MONTANA DEPARTMENT OF FISH AND GAME ADVISORY ON BEARS
Bennie E. "Blue Thunder" LeBeau
Sr., an enrolled member of the Eastern Shoshone Nation, Wind
River Indian Reservation, Ft. Washakie, Wyoming
is a MAIC Newsletter Correspondent. His "Teton
Rainbow" and Earth Wisdom columns are regular features on these pages.
This is a message
to all wisdom keepers within the Indigenous Nations of the
have been asked to spread the word of White Eagle, a sacred Holy
One who is working from the East-bringing message towards the
west with sacred messages for peace. As an Eastern Shoshone
messenger, a Peacemaker I pray that leaders within the
Dakota/Lakota Nations, Navajo Nations, Shoshone Nations, Chumash
Nations will take this message to the heart, Including all
other Indigenous Nations that receive this message with a
This is to be given to all Leaders/Advisors and Spiritual
Leaders within the Indigenous Nations of the America's. Please
forward this to those influential individuals that you know far
and wide. I thank you all on Behalf of White Eagle and White
Thunder as Peacemakers from the past, a spirit that brought
peace to the America’s. This Peacemaker was recognized by many
names in the Tribal Nations of the America's.
May the Great Spirit Continue to Bless Each and Everyone in
Wisdom and Knowledge for Mother Earth as the Great Spirit
intended within the Central Sun, the Creator our Father.
meaning many thank yous for your help in sending this message
for peace, within the America’s for the world at large. Those
Chiefs that receive this message I respectfully request that you
contact me. ~
©Copyright by Bennie LeBeau, 2006
Fifty Ways to Help
Save the Planet
What you can do
The problem is so vast and the urgency so great that advice which suggests you
turn off the tap while brushing your teeth or switch off lights and standbys
when they are not needed or go vegetarian for one day a week seems, well,
Global warming is probably the
greatest threat our species has ever faced. The sheer scale of the processes
under way in the atmosphere and the oceans makes it hard not to view anything an
individual does to reduce emissions as being too little too late.
Not true. The astonishing fact is that
each of us can have an immediate impact on the production of greenhouse gases,
and if enough of us act together in these minor ways, the cumulative effect will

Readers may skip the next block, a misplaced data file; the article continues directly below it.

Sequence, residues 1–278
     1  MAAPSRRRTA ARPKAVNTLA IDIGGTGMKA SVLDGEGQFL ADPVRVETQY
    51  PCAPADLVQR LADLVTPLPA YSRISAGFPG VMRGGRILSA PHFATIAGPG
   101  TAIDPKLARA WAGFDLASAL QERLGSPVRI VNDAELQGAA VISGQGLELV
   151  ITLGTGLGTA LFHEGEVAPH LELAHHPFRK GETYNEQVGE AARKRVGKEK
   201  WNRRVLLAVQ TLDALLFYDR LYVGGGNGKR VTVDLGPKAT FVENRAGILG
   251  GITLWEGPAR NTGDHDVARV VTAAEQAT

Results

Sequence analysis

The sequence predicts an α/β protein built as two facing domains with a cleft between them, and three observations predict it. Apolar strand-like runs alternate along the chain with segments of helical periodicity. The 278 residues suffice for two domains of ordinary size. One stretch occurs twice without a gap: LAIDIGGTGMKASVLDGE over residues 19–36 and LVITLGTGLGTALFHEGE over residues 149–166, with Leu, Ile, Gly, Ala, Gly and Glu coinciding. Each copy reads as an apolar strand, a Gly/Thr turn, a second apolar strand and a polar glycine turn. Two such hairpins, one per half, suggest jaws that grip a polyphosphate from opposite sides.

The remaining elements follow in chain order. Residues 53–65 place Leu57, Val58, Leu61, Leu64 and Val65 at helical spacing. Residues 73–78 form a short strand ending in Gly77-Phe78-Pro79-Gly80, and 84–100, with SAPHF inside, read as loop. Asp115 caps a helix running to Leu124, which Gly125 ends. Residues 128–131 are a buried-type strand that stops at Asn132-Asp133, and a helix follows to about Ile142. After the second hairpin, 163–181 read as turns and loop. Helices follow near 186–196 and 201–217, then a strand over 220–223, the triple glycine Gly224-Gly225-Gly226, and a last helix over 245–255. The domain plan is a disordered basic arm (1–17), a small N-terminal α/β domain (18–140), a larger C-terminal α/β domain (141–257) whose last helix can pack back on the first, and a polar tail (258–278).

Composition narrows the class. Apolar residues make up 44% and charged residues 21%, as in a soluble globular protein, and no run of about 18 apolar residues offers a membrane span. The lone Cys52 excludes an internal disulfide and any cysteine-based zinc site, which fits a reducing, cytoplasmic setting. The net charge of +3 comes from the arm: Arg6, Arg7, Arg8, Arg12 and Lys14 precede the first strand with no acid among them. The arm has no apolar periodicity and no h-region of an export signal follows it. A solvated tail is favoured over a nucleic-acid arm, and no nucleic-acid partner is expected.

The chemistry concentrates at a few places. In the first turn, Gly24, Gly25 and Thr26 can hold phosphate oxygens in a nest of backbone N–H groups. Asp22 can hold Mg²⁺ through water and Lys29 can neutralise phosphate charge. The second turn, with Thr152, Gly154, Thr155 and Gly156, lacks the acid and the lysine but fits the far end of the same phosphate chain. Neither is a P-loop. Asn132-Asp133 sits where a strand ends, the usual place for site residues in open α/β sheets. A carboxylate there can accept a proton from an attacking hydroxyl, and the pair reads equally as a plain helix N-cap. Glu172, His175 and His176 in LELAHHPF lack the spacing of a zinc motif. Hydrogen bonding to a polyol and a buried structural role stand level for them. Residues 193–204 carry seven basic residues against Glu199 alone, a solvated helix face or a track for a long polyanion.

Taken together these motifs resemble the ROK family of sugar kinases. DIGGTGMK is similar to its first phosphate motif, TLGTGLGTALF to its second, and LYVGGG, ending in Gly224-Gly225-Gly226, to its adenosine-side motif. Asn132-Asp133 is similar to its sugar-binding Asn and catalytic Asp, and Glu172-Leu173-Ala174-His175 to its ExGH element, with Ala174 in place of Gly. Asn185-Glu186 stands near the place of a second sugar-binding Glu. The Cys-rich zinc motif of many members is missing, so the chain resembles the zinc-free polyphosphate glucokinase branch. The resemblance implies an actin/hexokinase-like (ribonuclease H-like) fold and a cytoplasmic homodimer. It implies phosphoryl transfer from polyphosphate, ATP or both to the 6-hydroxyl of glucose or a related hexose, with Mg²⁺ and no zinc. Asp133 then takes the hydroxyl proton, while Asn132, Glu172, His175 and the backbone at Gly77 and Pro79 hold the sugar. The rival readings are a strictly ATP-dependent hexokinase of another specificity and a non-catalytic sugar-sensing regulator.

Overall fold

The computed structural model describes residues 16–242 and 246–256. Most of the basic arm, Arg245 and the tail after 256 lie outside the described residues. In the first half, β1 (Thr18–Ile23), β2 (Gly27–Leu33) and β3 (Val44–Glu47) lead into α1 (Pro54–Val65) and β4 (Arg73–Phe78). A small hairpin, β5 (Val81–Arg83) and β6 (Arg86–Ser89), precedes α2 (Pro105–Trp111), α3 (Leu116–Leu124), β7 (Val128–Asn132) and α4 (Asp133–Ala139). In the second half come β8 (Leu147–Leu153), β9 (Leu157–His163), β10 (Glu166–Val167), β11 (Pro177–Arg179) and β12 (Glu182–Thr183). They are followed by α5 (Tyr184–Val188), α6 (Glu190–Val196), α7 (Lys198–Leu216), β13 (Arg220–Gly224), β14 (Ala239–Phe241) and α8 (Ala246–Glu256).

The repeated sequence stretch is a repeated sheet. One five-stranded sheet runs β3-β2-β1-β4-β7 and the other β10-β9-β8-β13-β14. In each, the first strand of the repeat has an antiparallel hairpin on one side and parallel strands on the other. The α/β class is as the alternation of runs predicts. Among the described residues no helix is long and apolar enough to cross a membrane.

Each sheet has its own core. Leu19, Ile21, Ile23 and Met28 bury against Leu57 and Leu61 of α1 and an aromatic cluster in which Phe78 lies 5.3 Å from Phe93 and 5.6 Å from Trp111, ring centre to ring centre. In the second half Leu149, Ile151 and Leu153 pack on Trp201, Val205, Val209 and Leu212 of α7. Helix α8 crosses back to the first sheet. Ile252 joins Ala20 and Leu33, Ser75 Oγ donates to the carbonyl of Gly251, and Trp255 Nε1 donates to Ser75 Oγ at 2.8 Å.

be dramatic. That's because so much of the way we live our lives is wasteful
and, to put it bluntly, thoughtless. It takes nothing to switch off a lamp,
unplug the phone charger, take a shorter shower, cook without pre-heating the
oven, skip the pre-wash part of the dishwasher cycle, or, often, walk or bike
instead of drive. And they all save money, which is one of the rather striking
things about reducing your carbon footprint—the standard way of measuring the
CO2 emissions each person is responsible for.
Some of the suggestions that follow may involve a little more effort—recycling,
ditching plastic bags, and fixing leaky faucets and toilets; others require you
to spend money—insulating your home, installing solar panels, or buying a
fuel-efficient car. Even with these, however, there is almost always an eventual
payback in terms of reduced bills.
The overwhelming and heartening point about the ideas here is that, if adopted
by large numbers of people, they will have an immeasurable effect. When it comes
down to it, the continued rise in carbon emissions is a matter of individual
conscience: each of us can and should do something, however small. In 5 or 10
years' time that thought, together with everything written here, should be
second nature to us. Ladies and gentlemen, this little booklet is the future—a
more ingenious, more satisfying, and less wasteful future. Welcome to it.
READ ALL 50
WAYS TO SAVE THE PLANET
This is the time of awakening to
the inner father and the inner mother. Without this
we will receive no high
initiation; instead we get initiated into darkness. That's because any
investigation or revolution without God leads, not to freedom, but to
more slavery." -Willaru Huayta
Honor the Father and the Mother. Father stands
for wisdom and Mother stands for feelings. Inside each of us is the
Father and the Mother. If we do not honor both, we will not grow in
balance. To honor both the Father and the Mother helps our masculine and
feminine sides grow. The winter season is a good time to focus on this.
This is our season of reflection. Honoring both sides allows us to see
the Creator is both Father and Mother.
Great Spirit, Father Sky, Mother Earth,
Let me experience balance.
WONDERS OF NATURE...
Elephant Point, Florida
Jack Rabbit Bay, California
Kitty Kat Mountain, Utah
Submitted by Lila Weeks
CONFUSED ABOUT WHICH ECO-LABLES
YOU CAN TRUST?
That weekly trip to the grocery store is getting to be as much of a cranial